Co-managing a department is possible and co-managing businesses happen successfully everyday among partnerships and spouses.
However there are differences between couples and partners owning their own businesses and individuals working as employees managing a department. There are also similarities to successfully co-managing your own business and managing in a business or organization as an employee. This article will outline some of the pitfalls of co-management as well as my keys to success of how you can make co-managing work so that your time and energies are focused on being a well managed organization that benefits all of its stakeholders. For purposes of this article I will refer to spouses owning and co-managing a business together as partners.
Is it impossible for two individuals to manage an organization in the same way? Managing and leading a organization is a very individualized thing. While there’s volumes of books written about leadership skills, and management styles, each person applies these skills in their own individual way and has their own style of communicating with other stakeholders. Without exception each person has their own personality traits, strengths, and weaknesses that affect their management abilities and style. Personality traits such as whether you are introverted, extraverted or somewhere in between have a huge impact on your management style and how you impact the performance of the other stakeholders in your organization.
There are some clear advantages if you can successfully make co-management work:
- Having co-managers can be beneficial in that you’ve created redundancy so that there isn’t a gap or lapse in performance when one of these managers is out ill, on vacation or leaves the organization. Each manager should have a basic understanding of the other managers responsibilities and have the ability to step in and fill the other’s role on a temporary basis so that until the other manager returns or can be replaced there isn’t a lapse in the day to day performance of the organization.
- It is a great way for you to further the development and gain valuable experience for your managers and future leaders. You can determine who can take on larger roles within your organization and what each person’s strengths and weaknesses are. You may find a new or different role within your organization for one or more of these managers based on the job they did co-managing the department.
- If managed well co-management can be effective and allow you to accomplish more in a shorter amount of time than with one.
Keys to success:
- Clear definition of responsibilities and expectations. It is imperative, and I cannot emphasize this enough, that there are a clear job description that details each manager’s role, areas of responsibilities and expectations. These should be written and shared among the other stakeholders so that each person within the organization understands what each manager is responsible for and who to go to with what question. However, without written job descriptions and a shared understanding of each person’s areas of responsibilities you’ve created a recipe for disaster that will end up in competition for control, each manager stepping on each others toes, sometimes unintentionally but often intentionally. It will create confusion among employees and other stakeholders as to who’s actually in charge and who can best help them fulfill their needs.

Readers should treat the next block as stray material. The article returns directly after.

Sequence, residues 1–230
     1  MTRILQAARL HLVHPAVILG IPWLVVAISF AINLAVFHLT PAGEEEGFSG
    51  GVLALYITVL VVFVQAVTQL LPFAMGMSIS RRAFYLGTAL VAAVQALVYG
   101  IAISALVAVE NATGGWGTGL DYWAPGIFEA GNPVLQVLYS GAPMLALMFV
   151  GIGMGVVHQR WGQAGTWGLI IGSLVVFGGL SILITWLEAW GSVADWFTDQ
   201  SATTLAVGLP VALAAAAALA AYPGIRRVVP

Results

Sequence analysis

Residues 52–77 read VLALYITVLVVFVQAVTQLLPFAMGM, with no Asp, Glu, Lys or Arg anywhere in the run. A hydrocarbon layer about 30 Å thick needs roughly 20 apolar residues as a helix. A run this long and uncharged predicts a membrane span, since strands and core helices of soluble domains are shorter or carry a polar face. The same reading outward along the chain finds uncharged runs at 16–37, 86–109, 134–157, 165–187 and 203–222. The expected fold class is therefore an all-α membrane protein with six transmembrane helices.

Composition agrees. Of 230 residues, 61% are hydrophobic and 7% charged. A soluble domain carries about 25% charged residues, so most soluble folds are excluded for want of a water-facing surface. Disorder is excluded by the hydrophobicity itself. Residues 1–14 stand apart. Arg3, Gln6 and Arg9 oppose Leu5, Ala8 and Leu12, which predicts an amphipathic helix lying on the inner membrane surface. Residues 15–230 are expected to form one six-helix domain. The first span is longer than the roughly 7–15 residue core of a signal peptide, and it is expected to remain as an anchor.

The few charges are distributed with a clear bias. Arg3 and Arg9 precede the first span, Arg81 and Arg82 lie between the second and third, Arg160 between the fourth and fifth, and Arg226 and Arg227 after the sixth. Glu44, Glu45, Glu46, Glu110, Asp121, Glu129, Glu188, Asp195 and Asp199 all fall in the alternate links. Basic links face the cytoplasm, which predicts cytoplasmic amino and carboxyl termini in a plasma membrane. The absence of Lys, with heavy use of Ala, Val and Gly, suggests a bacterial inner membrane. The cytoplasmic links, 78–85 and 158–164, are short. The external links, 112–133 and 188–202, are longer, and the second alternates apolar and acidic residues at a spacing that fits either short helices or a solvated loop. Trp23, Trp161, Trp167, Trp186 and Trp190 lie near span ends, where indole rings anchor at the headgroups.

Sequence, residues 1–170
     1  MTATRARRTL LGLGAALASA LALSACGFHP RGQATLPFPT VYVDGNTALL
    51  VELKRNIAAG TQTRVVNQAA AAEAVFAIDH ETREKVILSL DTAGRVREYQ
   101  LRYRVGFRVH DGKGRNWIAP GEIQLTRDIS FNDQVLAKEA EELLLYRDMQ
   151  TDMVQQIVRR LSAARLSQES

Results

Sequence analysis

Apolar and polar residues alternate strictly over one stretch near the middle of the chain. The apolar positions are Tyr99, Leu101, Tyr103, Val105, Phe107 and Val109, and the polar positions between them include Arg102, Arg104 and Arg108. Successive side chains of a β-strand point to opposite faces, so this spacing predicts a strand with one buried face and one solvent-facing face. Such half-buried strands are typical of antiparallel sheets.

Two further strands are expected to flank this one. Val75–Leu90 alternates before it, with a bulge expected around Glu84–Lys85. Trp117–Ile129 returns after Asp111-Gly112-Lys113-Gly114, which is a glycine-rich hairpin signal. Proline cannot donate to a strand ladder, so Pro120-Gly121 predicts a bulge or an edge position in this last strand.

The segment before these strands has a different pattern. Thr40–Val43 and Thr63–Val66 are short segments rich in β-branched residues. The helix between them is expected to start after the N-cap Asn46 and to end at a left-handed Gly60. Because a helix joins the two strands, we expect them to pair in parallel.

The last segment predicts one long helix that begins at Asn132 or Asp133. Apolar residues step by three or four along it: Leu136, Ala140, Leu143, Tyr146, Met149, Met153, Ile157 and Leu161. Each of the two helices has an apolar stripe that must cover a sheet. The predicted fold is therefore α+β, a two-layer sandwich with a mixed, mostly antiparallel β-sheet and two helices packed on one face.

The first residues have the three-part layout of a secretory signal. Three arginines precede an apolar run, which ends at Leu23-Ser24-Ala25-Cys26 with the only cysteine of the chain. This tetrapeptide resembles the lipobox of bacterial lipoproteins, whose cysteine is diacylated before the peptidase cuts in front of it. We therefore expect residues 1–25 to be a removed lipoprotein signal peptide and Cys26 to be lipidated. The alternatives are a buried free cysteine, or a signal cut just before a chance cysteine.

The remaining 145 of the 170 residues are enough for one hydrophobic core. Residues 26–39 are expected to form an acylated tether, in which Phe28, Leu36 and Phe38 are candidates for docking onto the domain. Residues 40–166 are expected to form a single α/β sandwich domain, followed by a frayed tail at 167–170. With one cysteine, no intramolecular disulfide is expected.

- A strong pro-active leader willing to deal with conflict. As a business owner or head of an organization when we create a management structure where two or more people are co-managing a department, we need to understand we have created additional work for ourselves and are ultimately accountable for the outcome, good or bad. By its very nature you have created a situation where two individuals are going to compete with each other, it is our job to manage those efforts and energies in a way that benefits the organization. As the leader we must lead to ensure there is a clear understanding of each manager’s role, area of responsibility and expectations of performance. We must take the lead in ensuring the communication between managers is open and consistent. We need to be involved, even go as far as scheduling, daily or weekly meetings between the managers. Finally, I can’t emphasize this enough, be willing to step in early to resolve conflict. Ultimately you are responsible for the day to day operation of the department and if the management of that department isn’t working you are responsible.
- Communication is the key. There should be daily or at the very least weekly one on one conversation between the managers as to what’s going on. What are the challenges and opportunities each is currently facing. Can the other manager help or offer another point of view? Is the other manager better equipped to take on and solve the problem? Some decisions need to be made jointly and this allows for discussion among the managers and ensures each manager has the opportunity to express their opinion prior to these decisions being made. If these are co-managers reporting to a higher authority I would suggest the boss is part of these meeting so that all are on the same page and the boss has the opportunity to hear first hand from each of their direct reports. I would suggest the boss refrains for making decisions on behalf of these managers, however offering an opinion is appropriate provided they let the managers come to their own conclusion. Their presence alone will have an impact on the discussions and on how these decisions are made.